Building a better spam-blocking CAPTCHA
New approaches may give the CAPTCHA antispam technology a second chance
Computerworld - How do you let people create user accounts or post comments on your Web site without letting spam bots in? Simple -- make your users prove they're human. Many Web sites use CAPTCHA (Completely Automated Public Turing Test to Tell Computers and Humans Apart) technology to try to tell the bots from the people.
CAPTCHA's idea is simple enough. It presents users with an image showing an obfuscated string of letters that they must type in to get an e-mail or social networking account, for instance, or to enter a comment on an online forum. The theory is that only humans can decipher the letters hidden in the image and type in the correct code, and for a time it was an effective tool to keep the bots out.
But while no one has yet come up with a computer that can fool people into thinking it's another person, computers are great at fooling other computers. These days, malware makers and spammers regularly trick the CAPTCHA systems at big-name Web sites such as Yahoo Mail, Gmail and Craigslist, and use these sites to automate their attacks.
So what can we do? Can CAPTCHA be saved?
The rise and fall of CAPTCHA
CAPTCHA was created in 2000 by researchers at Carnegie Mellon University, and by 2007, the technology was being used almost everywhere on the Web. For example, if you try to leave a comment on this story, you'll need to jump through a CAPTCHA hoop before you can leave a message.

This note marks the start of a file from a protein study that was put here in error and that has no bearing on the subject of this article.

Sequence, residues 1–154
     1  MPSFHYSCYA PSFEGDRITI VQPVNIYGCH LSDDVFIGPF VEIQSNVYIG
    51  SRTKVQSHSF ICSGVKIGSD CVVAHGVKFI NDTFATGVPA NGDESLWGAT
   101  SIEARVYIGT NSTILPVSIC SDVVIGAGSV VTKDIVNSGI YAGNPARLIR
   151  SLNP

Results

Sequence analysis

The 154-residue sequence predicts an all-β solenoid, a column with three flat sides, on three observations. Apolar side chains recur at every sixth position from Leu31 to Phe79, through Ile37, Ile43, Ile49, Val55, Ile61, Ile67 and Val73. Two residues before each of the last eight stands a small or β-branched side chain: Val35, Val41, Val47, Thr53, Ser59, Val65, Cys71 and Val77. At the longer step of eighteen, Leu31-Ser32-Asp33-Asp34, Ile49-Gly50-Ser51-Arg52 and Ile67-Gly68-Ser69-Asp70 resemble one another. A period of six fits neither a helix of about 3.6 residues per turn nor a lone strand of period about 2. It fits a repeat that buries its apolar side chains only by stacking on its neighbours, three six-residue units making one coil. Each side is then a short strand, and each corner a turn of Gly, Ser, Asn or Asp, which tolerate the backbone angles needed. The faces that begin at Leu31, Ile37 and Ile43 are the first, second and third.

Then, adding insult to injury, the crackers started releasing their work in the form of do-it-yourself CAPTCHA cracking software that anyone could use. For example, a program called CL Auto Posting Tool attempts to post bogus ads to Craigslist while automatically overcoming Craigslist's antispam protections.
These programs work by using OCR (optical character recognition) software to try to make sense of CAPTCHA's disguised text. If they fail, they try again. They take advantage of the fact that some CAPTCHA systems don't automatically give users a new CAPTCHA image to puzzle out. Instead, they'll let you, or a cracker program, keep working at the hidden text until it's solved.
Get one of these programs, aim it at the site you want to have bogus accounts on, and you can start spreading spam, anonymously flaming people you don't like, and sending thousands of people links to your malware-infested site.
It's not that the OCR-based cracker programs are that good. They're not. As CAPTCHA expert Sumeet Prasad from security firm Websense explained in a blog posting, while only 10% to 15% of the attempts on Hotmail are successful, a CAPTCHA cracker program needs only six seconds per attack. If a site allows an unlimited number of chances to crack a single image, that means it will take, on average, less than a minute to break in.
Because they are clearly insecure, CAPTCHA systems that allow unlimited or multiple attempts are becoming uncommon. Still, today's automated bots are capable of breaking even those systems that make users respond to a new CAPTCHA image after the first or second unsuccessful attempt. (On average, of course, the bots' efforts are less likely to work at one-try CAPTCHA systems.) That said, simple CAPTCHA systems, such as the ones that use random, non-malformed letters against a simple background, are still in common use and are easily breakable.
Another way to crack a badly designed CAPTCHA program is to reuse the session identification URL of a solved CAPTCHA image. In this case, either the cracker, or more likely a cracking program, first gets the right answer to a CAPTCHA. It then reconnects to the Web site with a URL containing the solved session identification information with a new username. Presto! You have an automated site cracker with a 100% success rate until the session ID eventually expires.
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